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Judit Polgar vs Romain Edouard
12th European Individual Championship (2011), Aix-les-Bains FRA, rd 4, Mar-25
Sicilian Defense: Lasker-Pelikan. Sveshnikov Variation Chelyabinsk Variation (B33)  ·  1-0

ANALYSIS [x]

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Kibitzer's Corner
Mar-25-11
Premium Chessgames Member
  swordfish: Instructive victory by Polgar over the fine young French GM. What a difference in an opposite-colored bishop endgame with a rook on the board for each side!
Mar-27-11  hellopolgar: if you put this game in a chess engine, you will realize that Judit basically "choked" a 2600 player, the french 2010 vice-champion, to "death".
Mar-27-11  BobCrisp: Sounds kinky.
Mar-27-11  mrsaturdaypants: More "kinky," actually.
Mar-27-11
Premium Chessgames Member
  Gilmoy: Sveshnikov book through 10. White essays the standard <11.c3 12.Nc2> line, probing for the Q-side majority. Black spends a great many tempi to bludgeon away White's d5-outpost: <12..Bg5> to dodge a trade, <14..Nd7 18..Qb6 19..Qb7>. White simply allows it, and <20.Na3!> regains the a-pawn.

After <26.Rxa4> White's "flying Rook" outweighs Black's Rf8, because it owns an open file, and Black has <weak back rank>. More deeply, passive defense will just let White camp on the 7th, e.g. Ra7-Rd7. Black bravely trades his f-pawn for White's b-pawn, but this absolves White from having to play any more defense, and leaves Black with woes on 8, d6, and h7(!). After <33.g4 Rb8>, compare White's untouchable c4-Bd5 shield pair to Black's weak d6 and toothless Bd2. That Bd5 is a crushing strategic slam-dunk in Sveshnikov, a <Capablanca paradropping pieces like shogi> ideal.

<34.g5> amazingly reinforces the <weak back rank>: with f6/h6 covered, White can mate with R*8-Rg8#. <35.Kg2> heads for Kg4, then 38.h5. Clearly 38..gxh5+ 39.Kxh5 Rg8 40.Rf5 wins: Black must throw his B to stop mate. On anything else, White trades 39.hxg6 hxg6 (38..Rg8 is pointless because of the WBR), and 40.Be4 or Rf6 ripens an apple.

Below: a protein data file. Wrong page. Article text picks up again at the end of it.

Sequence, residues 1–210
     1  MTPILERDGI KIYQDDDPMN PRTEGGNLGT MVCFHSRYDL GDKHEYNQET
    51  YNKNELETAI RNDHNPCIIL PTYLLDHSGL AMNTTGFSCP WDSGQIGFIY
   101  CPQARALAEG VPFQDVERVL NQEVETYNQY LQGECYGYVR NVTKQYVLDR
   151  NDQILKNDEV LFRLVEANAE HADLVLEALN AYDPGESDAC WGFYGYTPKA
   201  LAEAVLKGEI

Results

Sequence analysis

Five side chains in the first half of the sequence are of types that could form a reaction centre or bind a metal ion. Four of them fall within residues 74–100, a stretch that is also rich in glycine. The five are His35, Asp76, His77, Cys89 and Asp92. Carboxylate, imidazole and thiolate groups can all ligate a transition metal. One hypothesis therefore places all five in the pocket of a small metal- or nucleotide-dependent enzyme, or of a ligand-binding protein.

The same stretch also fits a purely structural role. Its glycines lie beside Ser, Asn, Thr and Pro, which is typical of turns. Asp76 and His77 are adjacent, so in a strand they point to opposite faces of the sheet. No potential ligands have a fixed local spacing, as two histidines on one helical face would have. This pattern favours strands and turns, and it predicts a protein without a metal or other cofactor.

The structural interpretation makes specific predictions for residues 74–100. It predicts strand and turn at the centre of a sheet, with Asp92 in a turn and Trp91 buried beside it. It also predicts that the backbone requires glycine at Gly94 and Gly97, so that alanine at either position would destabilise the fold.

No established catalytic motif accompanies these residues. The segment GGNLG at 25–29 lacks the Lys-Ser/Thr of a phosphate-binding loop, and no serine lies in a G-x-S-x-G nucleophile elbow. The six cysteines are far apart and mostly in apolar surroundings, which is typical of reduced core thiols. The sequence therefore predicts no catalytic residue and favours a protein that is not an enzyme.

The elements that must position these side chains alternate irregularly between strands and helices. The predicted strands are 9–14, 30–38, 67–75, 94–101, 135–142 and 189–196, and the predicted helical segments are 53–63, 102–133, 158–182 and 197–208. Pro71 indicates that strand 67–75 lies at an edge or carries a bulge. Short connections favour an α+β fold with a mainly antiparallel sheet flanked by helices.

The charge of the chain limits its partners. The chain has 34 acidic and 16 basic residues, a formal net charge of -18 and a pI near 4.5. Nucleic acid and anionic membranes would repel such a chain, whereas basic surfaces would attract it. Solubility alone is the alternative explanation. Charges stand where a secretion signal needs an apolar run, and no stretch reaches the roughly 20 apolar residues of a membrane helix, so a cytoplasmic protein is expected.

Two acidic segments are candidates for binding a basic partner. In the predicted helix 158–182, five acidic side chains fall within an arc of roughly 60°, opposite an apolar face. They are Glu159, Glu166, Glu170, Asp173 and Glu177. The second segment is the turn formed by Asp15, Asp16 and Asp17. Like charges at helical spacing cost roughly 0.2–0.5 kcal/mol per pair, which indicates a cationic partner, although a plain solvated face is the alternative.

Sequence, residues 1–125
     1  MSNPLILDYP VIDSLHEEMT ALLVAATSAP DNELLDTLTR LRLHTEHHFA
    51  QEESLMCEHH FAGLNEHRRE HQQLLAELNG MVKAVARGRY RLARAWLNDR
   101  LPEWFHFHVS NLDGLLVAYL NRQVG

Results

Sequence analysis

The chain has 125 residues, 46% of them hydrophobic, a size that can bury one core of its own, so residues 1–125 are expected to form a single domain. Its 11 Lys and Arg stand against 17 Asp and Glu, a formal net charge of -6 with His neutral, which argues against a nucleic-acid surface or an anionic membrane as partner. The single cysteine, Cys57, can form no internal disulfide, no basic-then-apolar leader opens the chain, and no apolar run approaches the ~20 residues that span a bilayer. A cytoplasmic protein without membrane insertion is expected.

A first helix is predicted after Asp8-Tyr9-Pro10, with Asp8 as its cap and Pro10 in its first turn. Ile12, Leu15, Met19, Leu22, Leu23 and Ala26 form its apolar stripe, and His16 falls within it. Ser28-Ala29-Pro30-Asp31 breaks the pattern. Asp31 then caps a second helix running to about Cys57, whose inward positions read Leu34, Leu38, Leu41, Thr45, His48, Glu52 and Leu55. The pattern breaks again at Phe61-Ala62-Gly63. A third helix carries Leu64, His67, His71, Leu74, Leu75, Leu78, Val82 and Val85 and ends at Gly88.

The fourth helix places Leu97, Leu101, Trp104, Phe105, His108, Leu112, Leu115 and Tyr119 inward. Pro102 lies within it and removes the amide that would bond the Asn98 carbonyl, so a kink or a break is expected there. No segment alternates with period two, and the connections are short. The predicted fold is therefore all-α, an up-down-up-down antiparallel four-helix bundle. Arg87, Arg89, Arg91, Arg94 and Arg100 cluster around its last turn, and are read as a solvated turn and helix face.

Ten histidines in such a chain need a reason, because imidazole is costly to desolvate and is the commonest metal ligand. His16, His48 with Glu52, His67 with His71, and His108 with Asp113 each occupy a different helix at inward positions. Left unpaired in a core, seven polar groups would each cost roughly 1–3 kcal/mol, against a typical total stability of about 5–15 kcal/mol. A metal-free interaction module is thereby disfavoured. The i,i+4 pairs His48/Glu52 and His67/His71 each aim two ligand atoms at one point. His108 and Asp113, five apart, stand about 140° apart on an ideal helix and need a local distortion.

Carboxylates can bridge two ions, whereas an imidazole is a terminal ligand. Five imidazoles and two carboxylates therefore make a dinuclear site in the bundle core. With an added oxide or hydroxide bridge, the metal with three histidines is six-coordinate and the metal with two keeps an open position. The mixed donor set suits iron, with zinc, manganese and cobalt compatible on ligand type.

<35..h6> thrashes out of that ending, but is wondrously refuted by an elementary pawn breakthrough: <36.h5> and White will get g6 regardless. 36..Kg8 would delay mate, but Black's R has nowhere to hide from the discovered check.

Mar-29-11  notyetagm: Game Collection: DIAGONAL 2: DO *NOT* ALLOW THE 2x2 PILLBOX!!!
Apr-01-11  patzer2: White's 34. g5!! initiates an amazing combination with this surprise pawn sham sacrifice to create mating threats to trap White's Rook with the pawns and the minor pieces.

Here's some analysis:

<36. h5!! Rg8> Forced as other moves lead to a quick mate.

36... Re8 37. hxg6 Kg8 38. Re7+ Kf8
39. Rh7 Re7 40. Rh8+ Kg7 41. Rg8#

36... gxh5 37. g6 Kg8 38. Ra7+ Kf8 39. g7+ Ke8 40. g8=Q#

<37. Rd7 Rg7 38. Bf7!> Now the Rook is trapped and Black resigns as he must give up decisive material to avoid mate.

Black resigns in lieu of 38...gxh5 (38... hxg5 39. Rd8+ Kh7 40. hxg6+ Rxg6 41. Bxg6+ Kxg6 42. Rxd6+ Kf5 43. Rxd2) 39. Rd8+ Kh7 40. g6+ Rxg6+ 41. Bxg6+ Kxg6 42. Rxd6+ Kf5 43. Rxd2 .

Apr-01-11  patzer2: It was difficult for Black to see that 35...h6? was a decisive mistake. Maybe something like the Fritz recommendation of 35...Bc1 was possibly better, when play might go 35...Bc1 36. Kf3 Bd2 37. Ke4 Bc1 38. Be6 Ra8 39. Rd7 Ba3 40. f4 exf4 41. Kxf4 Re8 42. Bd5 Bc5 43. Kg4 Rb8 44. Re7 Rc8 45. h5 Bb4 46. Re6 Kg7 47. h6+ Kh8 48. Rf6 Bc5 49. Rf7 Re8 50. Kf3 Rc8 51. Kf4 Rb8 52. Re7 Rf8+ 53. Ke4 Bb6 54. Rd7 Bd8 55. Rxd6 Bxg5 56. c5 Bxh6 57. Rd7 Bf4 58. c6 g5 59. Be6 Bg3 60. Bf5 h5 61. Rh7+ Kg8 62. Rxh5 Bf4 63. Rh3 Kg7 64. Rh7+ Kf6 65. Bg4 Re8+ 66. Kd4 Rd8+ 67. Kc4 Rd2 68. Kc5 Bd6+ 69. Kb6 Rd4 70. Rd7 Ke5 71. Be2 g4 72. Rg7 Kf6 73. Rxg4 Rxg4 74. Bxg4 =.

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